Proverbs 13:19 Parallel Verses [⇓ See commentary ⇓]

Proverbs 13:19, NIV: A longing fulfilled is sweet to the soul, but fools detest turning from evil.

Proverbs 13:19, ESV: A desire fulfilled is sweet to the soul, but to turn away from evil is an abomination to fools.

Proverbs 13:19, KJV: The desire accomplished is sweet to the soul: but it is abomination to fools to depart from evil.

Proverbs 13:19, NASB: Desire realized is sweet to the soul, But it is an abomination to fools to turn away from evil.

Proverbs 13:19, NLT: It is pleasant to see dreams come true, but fools refuse to turn from evil to attain them.

Proverbs 13:19, CSB: Desire fulfilled is sweet to the taste, but to turn from evil is detestable to fools.

What does Proverbs 13:19 mean? [⇑ See verse text ⇑]

All people feel a sense of accomplishment when they achieve a goal. There is a deep satisfaction which comes when a desire has been realized. This connection between hopes and happiness was mentioned earlier in this passage (Proverbs 13:12). A contrast with those who insist on pursuing evil puts that concept into unique context. Part of the implication is that only godly desires are truly fulfilled (1 Corinthians 3:15; Matthew 6:20). Sinful urges can only lead to ruin and disappointment (Proverbs 11:7).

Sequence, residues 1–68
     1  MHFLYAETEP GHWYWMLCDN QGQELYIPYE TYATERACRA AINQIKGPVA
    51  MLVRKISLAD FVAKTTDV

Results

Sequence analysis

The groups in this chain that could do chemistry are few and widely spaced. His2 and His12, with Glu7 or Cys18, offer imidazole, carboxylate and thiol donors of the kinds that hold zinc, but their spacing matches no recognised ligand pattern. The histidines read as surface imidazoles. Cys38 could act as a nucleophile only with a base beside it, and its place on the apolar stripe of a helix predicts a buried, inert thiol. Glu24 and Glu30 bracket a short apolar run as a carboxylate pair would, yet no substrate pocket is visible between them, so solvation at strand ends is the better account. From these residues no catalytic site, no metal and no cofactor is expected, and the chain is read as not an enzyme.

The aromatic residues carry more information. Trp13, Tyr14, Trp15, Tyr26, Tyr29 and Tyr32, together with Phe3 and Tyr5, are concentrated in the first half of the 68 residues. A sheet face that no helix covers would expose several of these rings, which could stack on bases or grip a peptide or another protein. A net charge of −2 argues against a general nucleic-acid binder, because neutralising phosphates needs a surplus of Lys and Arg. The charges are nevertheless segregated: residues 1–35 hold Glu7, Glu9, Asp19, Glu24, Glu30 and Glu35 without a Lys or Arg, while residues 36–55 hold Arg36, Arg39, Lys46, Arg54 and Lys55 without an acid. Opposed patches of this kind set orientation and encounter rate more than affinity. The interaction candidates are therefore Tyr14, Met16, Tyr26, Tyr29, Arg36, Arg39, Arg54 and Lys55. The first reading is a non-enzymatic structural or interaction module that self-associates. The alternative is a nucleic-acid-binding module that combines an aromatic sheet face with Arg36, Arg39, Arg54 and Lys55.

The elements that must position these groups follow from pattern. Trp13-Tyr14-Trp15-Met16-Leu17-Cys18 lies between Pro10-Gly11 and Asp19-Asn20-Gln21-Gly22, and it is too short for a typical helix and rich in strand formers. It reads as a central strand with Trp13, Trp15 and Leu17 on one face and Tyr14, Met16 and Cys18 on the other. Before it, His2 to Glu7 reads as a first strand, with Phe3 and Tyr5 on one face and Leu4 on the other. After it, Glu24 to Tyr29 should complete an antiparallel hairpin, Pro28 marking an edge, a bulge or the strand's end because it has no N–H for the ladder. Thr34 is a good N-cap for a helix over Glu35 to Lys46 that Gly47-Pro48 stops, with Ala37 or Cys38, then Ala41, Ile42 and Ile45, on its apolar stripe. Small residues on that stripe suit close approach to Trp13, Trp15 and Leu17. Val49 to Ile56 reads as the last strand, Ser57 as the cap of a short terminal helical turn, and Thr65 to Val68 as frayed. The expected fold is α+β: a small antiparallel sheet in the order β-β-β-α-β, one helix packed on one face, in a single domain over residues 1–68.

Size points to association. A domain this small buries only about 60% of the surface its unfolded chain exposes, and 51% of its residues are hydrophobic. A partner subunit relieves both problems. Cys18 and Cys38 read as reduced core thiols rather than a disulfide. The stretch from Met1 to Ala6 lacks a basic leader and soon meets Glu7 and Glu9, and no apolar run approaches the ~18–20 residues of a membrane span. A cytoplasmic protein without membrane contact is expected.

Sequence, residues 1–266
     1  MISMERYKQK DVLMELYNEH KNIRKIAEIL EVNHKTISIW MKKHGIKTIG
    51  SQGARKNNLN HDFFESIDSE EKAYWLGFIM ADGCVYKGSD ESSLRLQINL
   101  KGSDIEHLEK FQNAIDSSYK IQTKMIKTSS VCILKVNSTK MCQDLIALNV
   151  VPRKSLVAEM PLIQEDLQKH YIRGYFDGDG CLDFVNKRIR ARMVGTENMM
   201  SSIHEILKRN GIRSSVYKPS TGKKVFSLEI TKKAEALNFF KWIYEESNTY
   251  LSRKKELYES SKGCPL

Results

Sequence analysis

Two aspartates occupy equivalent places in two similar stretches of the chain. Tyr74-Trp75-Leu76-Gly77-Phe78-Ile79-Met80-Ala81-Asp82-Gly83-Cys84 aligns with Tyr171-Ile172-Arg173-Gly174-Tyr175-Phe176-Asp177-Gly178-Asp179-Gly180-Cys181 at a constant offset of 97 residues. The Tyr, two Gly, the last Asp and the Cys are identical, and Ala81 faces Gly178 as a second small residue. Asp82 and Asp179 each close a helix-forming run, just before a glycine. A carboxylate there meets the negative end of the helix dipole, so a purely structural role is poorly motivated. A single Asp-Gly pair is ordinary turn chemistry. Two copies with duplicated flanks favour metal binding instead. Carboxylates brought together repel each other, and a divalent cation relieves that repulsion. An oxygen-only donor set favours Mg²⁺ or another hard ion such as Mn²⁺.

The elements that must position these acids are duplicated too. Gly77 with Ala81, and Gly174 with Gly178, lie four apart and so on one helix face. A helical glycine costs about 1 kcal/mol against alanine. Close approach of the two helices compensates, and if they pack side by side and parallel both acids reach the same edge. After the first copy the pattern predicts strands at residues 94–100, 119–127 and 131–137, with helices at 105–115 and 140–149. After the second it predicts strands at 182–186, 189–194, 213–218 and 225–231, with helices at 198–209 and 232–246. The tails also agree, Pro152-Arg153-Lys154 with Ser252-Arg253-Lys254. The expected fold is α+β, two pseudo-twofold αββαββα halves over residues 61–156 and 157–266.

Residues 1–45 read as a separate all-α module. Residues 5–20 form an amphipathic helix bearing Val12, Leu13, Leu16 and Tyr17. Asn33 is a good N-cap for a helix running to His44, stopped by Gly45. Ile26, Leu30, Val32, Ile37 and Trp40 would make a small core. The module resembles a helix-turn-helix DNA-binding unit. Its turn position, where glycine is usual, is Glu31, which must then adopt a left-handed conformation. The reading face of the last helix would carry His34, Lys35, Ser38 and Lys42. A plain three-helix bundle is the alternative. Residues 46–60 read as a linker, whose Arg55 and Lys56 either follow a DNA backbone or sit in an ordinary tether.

In contrast to those who seek godly wisdom (Proverbs 1:7; 9:7–12), foolish people are disgusted at the idea of setting aside their sins. That attitude feeds itself, with sin leading to even deeper rejection of God (Romans 1:28–32). Rather than recognize what's evil and turn to what's good (Proverbs 3:7; 16:17), they choose to remain in sin (John 5:39–40; 8:24). Sin, like anything else earthly, never fully satisfies (John 4:13–14; Proverbs 11:6). And, so, those who insist on sin are damned to eternal disappointment (Luke 13:27–28; Romans 6:20–23).

The apostle Paul set the goal of fulfilling the commission the Lord had given him to preach the gospel. He told King Agrippa, "I was not disobedient to the heavenly vision" (Acts 26:19). At the end of his life, Paul enjoyed the soul satisfaction of having attained his goal. He writes in 2 Timothy 4:6–7: "The time of my departure has come. I have fought the good fight, I have finished the race, I have kept the faith." He looked forward to receiving from the Lord the crown of righteousness (2 Timothy 4:8).